Adequate mental health funding helps children

For far too long, there has been discouraging news about New Hampshire’s mental health system and the obstacles that people in a psychiatric crisis encounter when trying to access care. Hospital emergency department boarding is a daily occurrence; high staff turnover at community mental health centers makes timely access to care difficult; and stagnant Medicaid reimbursement rates have created a serious workforce problem. On top of this, children in need of services have often fallen through the cracks of a siloed behavioral health system.

The good news is that there are significant strides being taken this year by the governor and Legislature to support and fund the new 10-year mental health plan, which, unlike earlier plans, includes children and youth as a targeted population.

The plan promotes early identification and intervention, expands early childhood/family strengthening programs, includes access to home visiting services, screening and additional assessment of infants and caregivers and recommends new children’s mobile crisis units.

Further, it builds on proven state- and community-based programs, such as the FAST Forward model, the Multi-Tiered Systems of Support for Behavior and Wellness (MTSS-B), and last year’s Senate Bill 534, which directed state agencies to “collaboratively develop systems of care to better meet the behavioral health needs of New Hampshire’s children and youth.”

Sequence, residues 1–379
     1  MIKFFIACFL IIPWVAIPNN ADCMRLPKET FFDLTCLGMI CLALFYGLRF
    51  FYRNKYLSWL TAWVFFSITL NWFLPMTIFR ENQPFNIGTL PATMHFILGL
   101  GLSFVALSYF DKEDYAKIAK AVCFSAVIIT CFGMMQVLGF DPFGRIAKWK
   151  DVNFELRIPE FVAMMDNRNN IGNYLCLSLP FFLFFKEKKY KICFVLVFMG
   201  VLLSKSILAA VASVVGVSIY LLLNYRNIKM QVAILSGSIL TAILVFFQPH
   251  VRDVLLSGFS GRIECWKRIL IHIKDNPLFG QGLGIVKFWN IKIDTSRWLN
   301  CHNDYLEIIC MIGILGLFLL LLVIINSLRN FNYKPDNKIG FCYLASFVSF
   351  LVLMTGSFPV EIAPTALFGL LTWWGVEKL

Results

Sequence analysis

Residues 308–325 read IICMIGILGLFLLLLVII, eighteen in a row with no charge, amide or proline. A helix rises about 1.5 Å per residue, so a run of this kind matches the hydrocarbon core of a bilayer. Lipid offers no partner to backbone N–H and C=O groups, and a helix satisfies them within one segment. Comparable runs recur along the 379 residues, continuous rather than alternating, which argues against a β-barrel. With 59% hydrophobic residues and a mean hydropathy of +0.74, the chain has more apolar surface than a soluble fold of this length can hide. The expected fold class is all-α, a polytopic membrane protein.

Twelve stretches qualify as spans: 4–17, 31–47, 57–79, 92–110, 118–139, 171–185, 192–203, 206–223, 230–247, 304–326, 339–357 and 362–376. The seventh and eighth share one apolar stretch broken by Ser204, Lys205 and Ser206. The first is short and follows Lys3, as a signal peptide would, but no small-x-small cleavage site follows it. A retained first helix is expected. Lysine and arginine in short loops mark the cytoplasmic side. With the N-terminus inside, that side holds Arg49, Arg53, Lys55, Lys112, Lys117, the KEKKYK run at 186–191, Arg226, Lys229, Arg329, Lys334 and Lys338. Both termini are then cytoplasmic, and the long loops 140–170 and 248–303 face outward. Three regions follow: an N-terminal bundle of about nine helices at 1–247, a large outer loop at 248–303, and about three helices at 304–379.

In almost all respects, the success of the new 10-year plan depends on 10 community mental health centers (CMHCs). Right now, the CMHCs have psychiatrists, clinicians and case managers — many of whom are working for far less pay than they might receive elsewhere — serving more than 10,000 children, youth and families across the state.

CMHC staff are embedded in schools, hospitals and the juvenile justice system. They are integrating primary and behavioral healthcare for children, introducing new methods for treating children coping with trauma and PTSD, and providing suicide prevention programs in the community and in schools. They are the first ones called on when there is an emergency in the community and are on the front lines providing crisis intervention services for which they are not reimbursed.

All of this underscores the fact that our community mental health system is not a “failed” one, as some have called it in recent years. It is a successful one, with dedicated professionals who have made it work despite the fact that it has been underfunded.

Investments in the new 10-year mental health plan are important, but to seriously invest in care for children with behavioral health needs and fully implement it, CMHCs need the ability to attract and retain psychiatrists, child psychiatrists and other clinicians. The Medicaid reimbursement rate for healthcare providers translates directly to salaries and benefits at the CMHCs. The 10 community mental health centers currently have over 200 positions vacant because they can’t afford to pay what their competitors can.

The state budget, now in the Senate, includes a 3.1% increase for Medicaid providers across the board, for each year of the next biennium. This is part of the larger workforce proposal which the CMHCs and 50 other healthcare organizations have advocated for and fully endorse. It is not a cure-all, but it will make a world of difference.

We applaud the work of the governor and Legislature in moving the new 10-year mental health plan forward. We hope they will similarly agree on the Medicaid reimbursement rate increase proposed in the Senate budget.

Suellen Griffin is president and CEO of West Central Behavioral Health and serves as an officer of the NH Community Behavioral Health Association.

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